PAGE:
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Restoring your vessel's gelcoat is a delicate process. Boats can be a challenge to detail properly due to the unique gelcoat applied to the exterior. Gelcoats provide the very smooth & shiny look that gives them that mirror-like effect on the water. Over time, exposure to the sun’s UV rays combined with water pollution, animal droppings, corrosion from salt and other organic buildups will fade & discolour the gel coat. Unlike car painted surfaces, detailing marine gelcoat requires different grades of compounds and sometimes even sanding. After years, the gelcoat becomes porous and stained. The good news here is, by using your marine professionals like us here at Shoreline, is that almost all gel coat can be restored.

We use Rupes dual action polishing machines to safely and efficiently refine your gelcoat, achieving "like-new" results.

Pride of Ownership

Owner apathy and dull, tired gelcoat go hand in hand. In the opinion of some owners, bright, shiny boats don’t sail any better or catch more fish, so why bother with maintenance? But keep in mind that maintaining your boat’s gelcoat will help you “catch” more customers should you ever want to sell.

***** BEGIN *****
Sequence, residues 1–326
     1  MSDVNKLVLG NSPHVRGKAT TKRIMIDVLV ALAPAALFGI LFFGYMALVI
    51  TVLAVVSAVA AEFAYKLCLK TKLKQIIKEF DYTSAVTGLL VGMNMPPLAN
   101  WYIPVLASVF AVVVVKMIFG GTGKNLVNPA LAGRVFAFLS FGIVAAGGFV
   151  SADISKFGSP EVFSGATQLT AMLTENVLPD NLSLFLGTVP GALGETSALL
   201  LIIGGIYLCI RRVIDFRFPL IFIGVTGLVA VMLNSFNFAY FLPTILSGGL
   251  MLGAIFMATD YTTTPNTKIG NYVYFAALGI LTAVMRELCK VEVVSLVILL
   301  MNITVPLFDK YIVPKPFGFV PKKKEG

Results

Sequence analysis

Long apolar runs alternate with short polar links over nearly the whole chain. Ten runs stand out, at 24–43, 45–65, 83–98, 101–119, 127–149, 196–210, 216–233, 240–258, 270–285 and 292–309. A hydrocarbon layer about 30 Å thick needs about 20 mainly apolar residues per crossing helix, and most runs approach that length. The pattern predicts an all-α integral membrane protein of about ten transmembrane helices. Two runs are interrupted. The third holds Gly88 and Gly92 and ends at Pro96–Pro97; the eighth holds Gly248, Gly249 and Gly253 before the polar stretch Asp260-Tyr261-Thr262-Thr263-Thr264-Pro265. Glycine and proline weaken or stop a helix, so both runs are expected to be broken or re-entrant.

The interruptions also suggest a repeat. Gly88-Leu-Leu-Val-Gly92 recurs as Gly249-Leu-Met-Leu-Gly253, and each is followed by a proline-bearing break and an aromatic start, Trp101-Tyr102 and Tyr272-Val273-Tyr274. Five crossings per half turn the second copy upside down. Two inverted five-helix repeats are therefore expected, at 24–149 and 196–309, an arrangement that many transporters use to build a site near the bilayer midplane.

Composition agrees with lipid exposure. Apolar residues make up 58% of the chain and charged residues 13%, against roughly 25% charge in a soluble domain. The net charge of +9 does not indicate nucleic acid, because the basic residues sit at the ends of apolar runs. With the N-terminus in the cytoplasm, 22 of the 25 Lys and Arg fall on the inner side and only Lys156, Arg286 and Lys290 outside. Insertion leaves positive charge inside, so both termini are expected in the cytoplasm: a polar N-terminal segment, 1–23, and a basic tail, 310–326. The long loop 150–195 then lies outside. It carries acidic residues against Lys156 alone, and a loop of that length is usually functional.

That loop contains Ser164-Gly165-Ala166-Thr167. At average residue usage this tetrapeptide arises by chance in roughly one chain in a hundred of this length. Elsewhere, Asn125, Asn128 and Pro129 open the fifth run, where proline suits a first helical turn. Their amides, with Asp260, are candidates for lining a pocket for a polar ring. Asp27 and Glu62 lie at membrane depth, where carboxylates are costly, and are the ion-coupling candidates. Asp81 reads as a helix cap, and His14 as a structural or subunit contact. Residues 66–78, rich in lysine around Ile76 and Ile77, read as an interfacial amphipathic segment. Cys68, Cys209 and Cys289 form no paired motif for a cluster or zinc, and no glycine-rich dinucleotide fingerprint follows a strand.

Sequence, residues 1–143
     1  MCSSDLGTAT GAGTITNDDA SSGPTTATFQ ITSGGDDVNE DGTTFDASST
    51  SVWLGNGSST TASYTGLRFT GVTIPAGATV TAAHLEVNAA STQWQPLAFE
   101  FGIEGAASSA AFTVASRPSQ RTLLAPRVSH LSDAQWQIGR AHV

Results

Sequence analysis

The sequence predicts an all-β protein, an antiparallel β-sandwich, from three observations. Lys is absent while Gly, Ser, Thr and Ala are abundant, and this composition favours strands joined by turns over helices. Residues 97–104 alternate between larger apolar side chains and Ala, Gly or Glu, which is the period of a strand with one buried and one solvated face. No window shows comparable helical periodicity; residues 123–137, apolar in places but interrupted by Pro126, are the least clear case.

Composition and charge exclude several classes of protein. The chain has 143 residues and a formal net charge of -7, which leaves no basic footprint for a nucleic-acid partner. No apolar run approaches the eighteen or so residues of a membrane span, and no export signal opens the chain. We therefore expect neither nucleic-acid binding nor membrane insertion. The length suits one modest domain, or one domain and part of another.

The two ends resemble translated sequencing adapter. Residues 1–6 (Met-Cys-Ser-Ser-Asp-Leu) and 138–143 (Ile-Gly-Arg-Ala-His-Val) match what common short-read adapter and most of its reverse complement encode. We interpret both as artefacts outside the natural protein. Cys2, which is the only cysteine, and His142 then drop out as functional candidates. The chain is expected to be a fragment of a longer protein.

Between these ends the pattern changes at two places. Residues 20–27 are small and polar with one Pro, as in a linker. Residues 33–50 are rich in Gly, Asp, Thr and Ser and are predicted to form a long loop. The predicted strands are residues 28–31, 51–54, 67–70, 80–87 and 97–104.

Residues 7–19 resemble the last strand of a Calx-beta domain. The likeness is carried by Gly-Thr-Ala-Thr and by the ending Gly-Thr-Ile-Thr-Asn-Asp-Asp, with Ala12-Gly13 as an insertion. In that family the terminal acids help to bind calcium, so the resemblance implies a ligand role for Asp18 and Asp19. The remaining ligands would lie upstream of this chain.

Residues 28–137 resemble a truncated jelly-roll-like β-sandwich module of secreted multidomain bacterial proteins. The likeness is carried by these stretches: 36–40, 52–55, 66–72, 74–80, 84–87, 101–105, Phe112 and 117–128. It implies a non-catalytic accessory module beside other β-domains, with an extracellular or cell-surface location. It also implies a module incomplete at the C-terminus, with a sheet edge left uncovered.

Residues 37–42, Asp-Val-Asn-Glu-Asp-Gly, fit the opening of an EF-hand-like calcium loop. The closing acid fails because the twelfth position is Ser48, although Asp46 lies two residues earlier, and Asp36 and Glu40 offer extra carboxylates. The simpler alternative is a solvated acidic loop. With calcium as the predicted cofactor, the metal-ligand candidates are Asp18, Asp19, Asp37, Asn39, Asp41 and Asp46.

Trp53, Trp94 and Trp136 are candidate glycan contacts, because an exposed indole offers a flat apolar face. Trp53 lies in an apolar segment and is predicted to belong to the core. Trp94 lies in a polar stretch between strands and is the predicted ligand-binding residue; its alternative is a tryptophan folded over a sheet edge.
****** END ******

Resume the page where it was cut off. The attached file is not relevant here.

If You Have a New Boat

If you happen to be the owner of a fresh-out-of-the-mould, brand-spanking-new boat, you are in luck. Why? Because unlike other owners, all you need to do is wash your boat and apply a quality protective coating. This will protect that like-new look and head off a time-consuming restoration project down the line.

About Gelcoat

Gelcoat is the coating sprayed up against a highly polished mould at the beginning of the fiberglass layup process. This process results in the smooth, mirror-like finish typical of new boats. With the passage of time, unprotected gelcoat will oxidize and eventually take on a chalky appearance. As part of this process, it becomes porous. The more porous it becomes, the more readily it will stain. The process continues until the boat becomes one of the dilapidated wallflowers that we have all seen at the dock. The good news is that nearly all gelcoat can be restored, provided it is not completely worn through.




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